Oscar-nominated animated shorts for 2014
With the Academy Awards swiftly approaching, awards like “Best Picture,” “Best Actor and Actress” and “Best Director” will be stealing most of the attention. Meanwhile, other categories will get pushed out of the spotlight.
Among these “lesser” categories is “Best Animated Short,” which definitely gets shortchanged. Most audiences don’t take notice of the nominees for this category, unless they come bearing the Disney symbol. However, even the nominees without the brand-name recognition represent some of the most entertaining and innovative storytelling in the film industry.
All of the nominated shorts are available online, but if you’d rather get the traditional movie theater experience, Amherst Cinema will be screening the entire program of Oscar-nominated animated shorts this week.
The program, hosted by a hyper-realistic CG ostrich and giraffe, who claim to be filling in for Woody and Buzz Lightyear of “Toy Story,” kicks off with “Get a Horse” from Disney, starring the company mascot Mickey Mouse, who attempts to rescue his girlfriend Minnie from the wicked Peg-Leg Pete. The short starts off as a 1940s-style cartoon (even using sound clips of Walt Disney performing Mickey’s voice) before it explodes into 21st century CG. Peg-Leg Pete chases Mickey and his friends off a movie screen, into a three-dimensional theater, and back again, tearing bright holes of color in the black-and-white screen. The CG characters discover that they can control the world inside the screen, spinning and flipping it to change the physics of the cartoon, and eventually trapping the villain in the frame.
Next up is “Mr. Hublot,” starring an obsessive-compulsive cyborg living in a steampunk dystopia. The protagonist, the titular Mr. Hublot, is a catalog of compulsions, constantly adjusting picture frames, flicking light switches and arranging a window box of mechanical flowers. One day he decides to adopt a rambunctious robot puppy, who turns his neatly ordered life upside down.
The world of “Mr. Hublot,” all brass, gears and rust is rendered in luminous CG – a radically different aesthetic from the third film in the program “Feral.” This story of a wild boy torn between the civilized world and his forest home appears onscreen like a delicate oil painting in muted colors. Layers of hand-drawn images are manipulated by computer. Beautifully textured panes move smoothly, so that sunlight streams through trees, and towns and buildings emerge from mist as though from the haze of the imagination.
Just as compelling as the animation is the film’s young protagonist. The boy may be “feral,” but he is also deeply vulnerable. The tall dark wolves and humans dwarf his tiny pale figure. The boy’s bared teeth are unthreateningly rounded – even his wolfish growl is soft and gentle. Eventually, his identity crisis, as he is pulled between two worlds, threatens to tear him apart. This beautiful, dark meditation on nature and nurture is definitely one of the strongest nominees in the category.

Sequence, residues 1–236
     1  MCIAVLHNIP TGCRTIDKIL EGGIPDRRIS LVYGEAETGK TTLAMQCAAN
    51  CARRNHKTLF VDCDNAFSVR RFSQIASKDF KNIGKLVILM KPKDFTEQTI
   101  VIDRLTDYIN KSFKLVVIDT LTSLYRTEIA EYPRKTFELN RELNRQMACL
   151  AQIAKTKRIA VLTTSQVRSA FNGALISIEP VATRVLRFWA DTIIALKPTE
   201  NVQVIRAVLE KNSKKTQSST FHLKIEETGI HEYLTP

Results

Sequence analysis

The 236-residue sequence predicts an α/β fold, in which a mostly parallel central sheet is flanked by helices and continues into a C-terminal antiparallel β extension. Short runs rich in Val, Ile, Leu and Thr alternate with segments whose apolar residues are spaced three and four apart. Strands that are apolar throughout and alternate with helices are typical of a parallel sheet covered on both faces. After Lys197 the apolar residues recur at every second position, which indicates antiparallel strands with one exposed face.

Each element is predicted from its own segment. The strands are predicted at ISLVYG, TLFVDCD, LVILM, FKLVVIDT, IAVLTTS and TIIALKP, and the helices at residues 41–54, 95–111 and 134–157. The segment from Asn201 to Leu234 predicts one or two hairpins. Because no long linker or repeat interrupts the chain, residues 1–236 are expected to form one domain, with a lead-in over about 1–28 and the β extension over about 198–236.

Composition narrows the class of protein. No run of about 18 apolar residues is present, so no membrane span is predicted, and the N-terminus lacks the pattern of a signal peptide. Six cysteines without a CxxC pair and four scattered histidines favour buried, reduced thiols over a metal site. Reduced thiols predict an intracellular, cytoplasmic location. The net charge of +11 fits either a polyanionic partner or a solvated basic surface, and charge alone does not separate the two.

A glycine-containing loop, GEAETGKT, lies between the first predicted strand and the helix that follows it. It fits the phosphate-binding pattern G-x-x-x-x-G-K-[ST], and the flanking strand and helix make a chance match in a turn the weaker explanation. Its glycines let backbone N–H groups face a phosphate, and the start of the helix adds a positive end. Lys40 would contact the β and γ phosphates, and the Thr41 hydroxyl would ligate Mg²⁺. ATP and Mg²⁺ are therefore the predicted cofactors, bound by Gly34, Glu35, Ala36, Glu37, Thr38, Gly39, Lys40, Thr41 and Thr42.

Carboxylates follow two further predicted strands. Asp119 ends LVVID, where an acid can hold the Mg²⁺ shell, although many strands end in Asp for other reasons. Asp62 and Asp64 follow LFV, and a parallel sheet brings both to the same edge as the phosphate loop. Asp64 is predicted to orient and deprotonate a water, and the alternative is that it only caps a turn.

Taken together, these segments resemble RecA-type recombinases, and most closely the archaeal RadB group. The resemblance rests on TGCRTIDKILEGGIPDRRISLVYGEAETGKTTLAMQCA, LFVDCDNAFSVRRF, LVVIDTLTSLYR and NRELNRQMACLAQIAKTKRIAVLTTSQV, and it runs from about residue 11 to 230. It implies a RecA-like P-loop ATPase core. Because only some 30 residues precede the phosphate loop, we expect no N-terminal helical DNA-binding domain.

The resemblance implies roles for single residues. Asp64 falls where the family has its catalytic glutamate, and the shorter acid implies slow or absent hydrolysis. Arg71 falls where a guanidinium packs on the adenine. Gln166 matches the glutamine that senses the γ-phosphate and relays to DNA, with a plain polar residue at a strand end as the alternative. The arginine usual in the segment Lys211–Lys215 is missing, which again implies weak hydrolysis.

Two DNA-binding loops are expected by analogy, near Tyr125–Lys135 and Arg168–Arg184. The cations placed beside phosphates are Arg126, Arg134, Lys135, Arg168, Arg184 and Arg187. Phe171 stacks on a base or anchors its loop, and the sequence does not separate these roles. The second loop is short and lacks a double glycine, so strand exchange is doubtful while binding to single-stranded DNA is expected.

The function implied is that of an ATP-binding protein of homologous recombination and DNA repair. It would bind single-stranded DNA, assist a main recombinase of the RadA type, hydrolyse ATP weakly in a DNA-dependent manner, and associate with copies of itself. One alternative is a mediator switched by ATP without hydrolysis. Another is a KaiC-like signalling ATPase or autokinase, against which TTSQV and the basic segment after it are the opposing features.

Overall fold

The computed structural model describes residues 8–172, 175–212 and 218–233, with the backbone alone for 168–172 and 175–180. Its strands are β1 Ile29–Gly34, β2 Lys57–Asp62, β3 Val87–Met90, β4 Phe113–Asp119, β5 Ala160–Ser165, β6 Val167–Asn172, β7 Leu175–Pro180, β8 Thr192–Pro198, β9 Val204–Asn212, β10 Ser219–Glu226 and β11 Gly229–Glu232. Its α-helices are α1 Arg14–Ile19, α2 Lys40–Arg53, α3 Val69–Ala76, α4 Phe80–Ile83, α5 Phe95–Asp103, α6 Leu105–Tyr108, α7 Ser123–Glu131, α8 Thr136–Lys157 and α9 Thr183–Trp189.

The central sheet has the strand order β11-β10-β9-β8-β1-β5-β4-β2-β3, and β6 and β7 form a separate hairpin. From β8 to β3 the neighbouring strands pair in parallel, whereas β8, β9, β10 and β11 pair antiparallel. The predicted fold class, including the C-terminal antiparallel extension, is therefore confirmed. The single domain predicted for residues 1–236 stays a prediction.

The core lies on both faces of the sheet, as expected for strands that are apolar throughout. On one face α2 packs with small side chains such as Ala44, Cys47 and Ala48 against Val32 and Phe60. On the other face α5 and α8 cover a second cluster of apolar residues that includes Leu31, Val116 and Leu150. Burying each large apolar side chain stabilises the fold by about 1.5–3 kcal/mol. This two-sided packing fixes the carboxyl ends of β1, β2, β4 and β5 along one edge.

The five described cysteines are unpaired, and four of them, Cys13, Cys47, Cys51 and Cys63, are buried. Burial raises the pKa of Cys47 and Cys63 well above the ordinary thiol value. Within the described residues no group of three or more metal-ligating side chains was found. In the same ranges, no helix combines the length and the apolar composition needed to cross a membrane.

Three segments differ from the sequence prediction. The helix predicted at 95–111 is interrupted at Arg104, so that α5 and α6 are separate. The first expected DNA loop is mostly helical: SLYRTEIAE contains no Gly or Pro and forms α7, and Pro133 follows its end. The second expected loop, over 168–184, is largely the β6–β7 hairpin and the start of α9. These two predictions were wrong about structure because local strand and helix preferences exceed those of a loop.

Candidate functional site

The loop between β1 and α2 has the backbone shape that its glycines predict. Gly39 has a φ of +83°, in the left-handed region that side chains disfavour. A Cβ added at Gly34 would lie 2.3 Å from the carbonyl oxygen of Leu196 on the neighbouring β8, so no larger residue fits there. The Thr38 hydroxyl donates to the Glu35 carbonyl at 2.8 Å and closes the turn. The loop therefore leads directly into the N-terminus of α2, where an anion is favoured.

The fourth offering is “Possessions,” in which a traveling repairman in feudal Japan seeks shelter from a storm in a tiny hut haunted by broken household objects. The story carries the flavor of a folktale. The repairman meets several challenges in the forms of different groups of abandoned objects – umbrellas, silken cloths, dishes and other debris – possessed by Yokai, traditional Japanese ghosts. However, instead of being frightened, the repairman sees the value in the broken things, and comes up with an ingenious solution to exorcise the demons.
The final, and longest, animation in the program is “Room on the Broom.” This 26-minute short tells of the adventures of a witch and her animal friends. “Room on the Broom” (based on the popular children’s book of the same name) was commissioned as a Christmas special for BBC – so it’s no wonder the short attracted A-level voice acting talent, including Gillian Anderson, Simon Pegg and Timothy Spall.
The program also includes three “Highly Commended” films – honorable mentions, if you would. The lineup includes “À La Française,” “Blue Umbrella” and “The Missing Scarf.”
This selection of animated shorts reflects the direction in which the medium of animation is headed. For years, proponents of traditional animation have been bleating about how CG has come to dominate the field, fearing that wider use of computers will lead to a less authentic aesthetic.
But if this list of nominees is any indication, traditional animation isn’t going away anytime soon. About half of the shorts in the program were made through a combination of traditional animation techniques and machine-made images. As technology improves, the most innovative animators will be the ones who combine traditional and modern animation techniques – the authenticity of the past and the creative freedom of the future.
Yoshi Makishima can be reached at firstname.lastname@example.org.